I woke up at about eight o clock. I had slept four hours at most. R. had not called. No sms. I went to reception again. Asked if there were any messages. None. After asking a couple more questions, reception reluctantly informed me that R. had left the hotel at seven thirty.

I would have to wait. Nothing would have me go back to the hotel personnel and ask again. They could think I was a stalker or something. I decided I would have breakfast. This would be my first business breakfast, in a way: It was the first time since we had begun travelling that I had not overslept. I took some bread, a boiled egg. Tea. Chewing and swallowing the bread was extremely difficult, my mouth was dry. The tea was way too dark, nearly black, bitter. The egg had been boiled into a green state of solidity.

There were only businesspeople in the breakfast room, men, in duos, at most three men at one table. No one sat alone. Except for the waitress, there was no other woman besides me. The men ate hurriedly, some of them were discussing matters in low volume, others read their newspapers. At 8.45 sharp, the whole crowd dissolved. There was nothing but the sound of a vacuum cleaner somewhere in the hotel. A dishwasher in the kitchen. An elevator going up. Or down. So I went up and down the elevator myself, put my coat on and went for a stroll.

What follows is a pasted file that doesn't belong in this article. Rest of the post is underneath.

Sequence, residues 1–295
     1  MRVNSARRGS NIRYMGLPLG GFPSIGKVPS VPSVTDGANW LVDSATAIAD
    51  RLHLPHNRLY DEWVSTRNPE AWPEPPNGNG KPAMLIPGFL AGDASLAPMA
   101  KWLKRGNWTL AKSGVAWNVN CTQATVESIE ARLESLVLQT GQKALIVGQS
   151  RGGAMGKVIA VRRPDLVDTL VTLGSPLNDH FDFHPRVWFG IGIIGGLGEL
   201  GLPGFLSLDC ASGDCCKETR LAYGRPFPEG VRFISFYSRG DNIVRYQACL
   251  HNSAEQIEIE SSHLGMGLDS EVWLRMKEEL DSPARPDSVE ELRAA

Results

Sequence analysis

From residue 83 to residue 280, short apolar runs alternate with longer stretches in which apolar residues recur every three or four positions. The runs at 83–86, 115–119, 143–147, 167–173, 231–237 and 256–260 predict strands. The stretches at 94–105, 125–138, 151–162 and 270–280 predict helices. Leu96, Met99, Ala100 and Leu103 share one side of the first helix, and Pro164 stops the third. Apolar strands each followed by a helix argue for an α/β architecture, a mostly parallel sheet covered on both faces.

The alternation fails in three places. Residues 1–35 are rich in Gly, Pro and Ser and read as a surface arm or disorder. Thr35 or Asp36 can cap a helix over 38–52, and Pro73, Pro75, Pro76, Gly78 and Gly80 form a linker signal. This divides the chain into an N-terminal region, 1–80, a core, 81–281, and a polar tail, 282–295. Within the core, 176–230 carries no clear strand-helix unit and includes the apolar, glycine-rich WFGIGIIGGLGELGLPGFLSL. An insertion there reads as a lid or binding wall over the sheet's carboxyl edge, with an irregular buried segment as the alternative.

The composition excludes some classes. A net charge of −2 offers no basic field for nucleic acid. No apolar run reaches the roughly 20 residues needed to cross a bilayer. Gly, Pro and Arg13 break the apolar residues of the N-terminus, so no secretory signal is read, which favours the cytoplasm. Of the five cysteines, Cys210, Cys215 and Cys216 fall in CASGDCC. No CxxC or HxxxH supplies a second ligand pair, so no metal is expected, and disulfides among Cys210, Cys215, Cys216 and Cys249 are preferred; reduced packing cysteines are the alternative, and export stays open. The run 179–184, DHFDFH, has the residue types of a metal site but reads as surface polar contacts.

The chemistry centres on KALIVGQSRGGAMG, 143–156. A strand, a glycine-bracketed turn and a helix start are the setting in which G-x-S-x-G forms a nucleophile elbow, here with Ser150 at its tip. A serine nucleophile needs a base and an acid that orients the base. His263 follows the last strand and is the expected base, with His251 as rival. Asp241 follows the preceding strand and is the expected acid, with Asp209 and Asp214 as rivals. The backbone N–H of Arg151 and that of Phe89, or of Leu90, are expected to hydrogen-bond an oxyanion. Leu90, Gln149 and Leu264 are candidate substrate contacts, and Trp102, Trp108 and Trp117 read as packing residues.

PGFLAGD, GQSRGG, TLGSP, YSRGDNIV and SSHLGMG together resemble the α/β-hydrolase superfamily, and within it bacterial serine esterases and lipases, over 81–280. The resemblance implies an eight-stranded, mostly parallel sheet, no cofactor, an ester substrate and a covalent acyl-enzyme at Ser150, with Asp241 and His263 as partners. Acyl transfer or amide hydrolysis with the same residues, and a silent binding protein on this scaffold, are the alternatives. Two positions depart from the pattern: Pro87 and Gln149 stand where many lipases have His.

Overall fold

I walked the streets, crossed the river. There were new buildings next to old ones, spread out in an erratic pattern. It could have to do with the war, I thought. New buildings had been erected on the premises where old buildings had been bombed. The ruins, which must have been on almost every housing block of this city, suddenly seemed visible to me: The new buildings became transparent and revealed the burned-out carcasses that had once been homes. I could imagine the curtains that had once hung in the windows, women looking out of the windows into the streets. All gone now. Replaced by glass and concrete. I made it into a little game for myself to count the buildings I passed: bombed, not bombed, blown up, bombed. Some new office buildings, maybe, were just put there by real estate developers who had torn the old buildings down in order to make money.

Every road seemed to lead to a windy square. On each square was a bar or a restaurant, styled to look homely good old fashioned German, in a new building.

A Christmas fair rose up at the riverbank. Wooden sheds with flickering electric lights. Loud music played, German folk songs with a house beat pasted underneath them. One barn was already open, it sold sausages. There was this solid black steel wheel with a spiral of sausage on it. It rotated over a fire. The smell of the grease travelled all the way to where I was standing. It was nauseating. People were pushing the sausages into their mouths. I looked at them, shoving the sausages in, until they turned to me and looked back. They must have seen my expression, for they stopped eating. I walked away.

To be Continued. Next Friday. Every Friday. From 09.00h.

Link to German Translation: click  Girl Friday – Buch des Bösen 23. Frankfurt On My Mind

Artwork: Gabbi Werner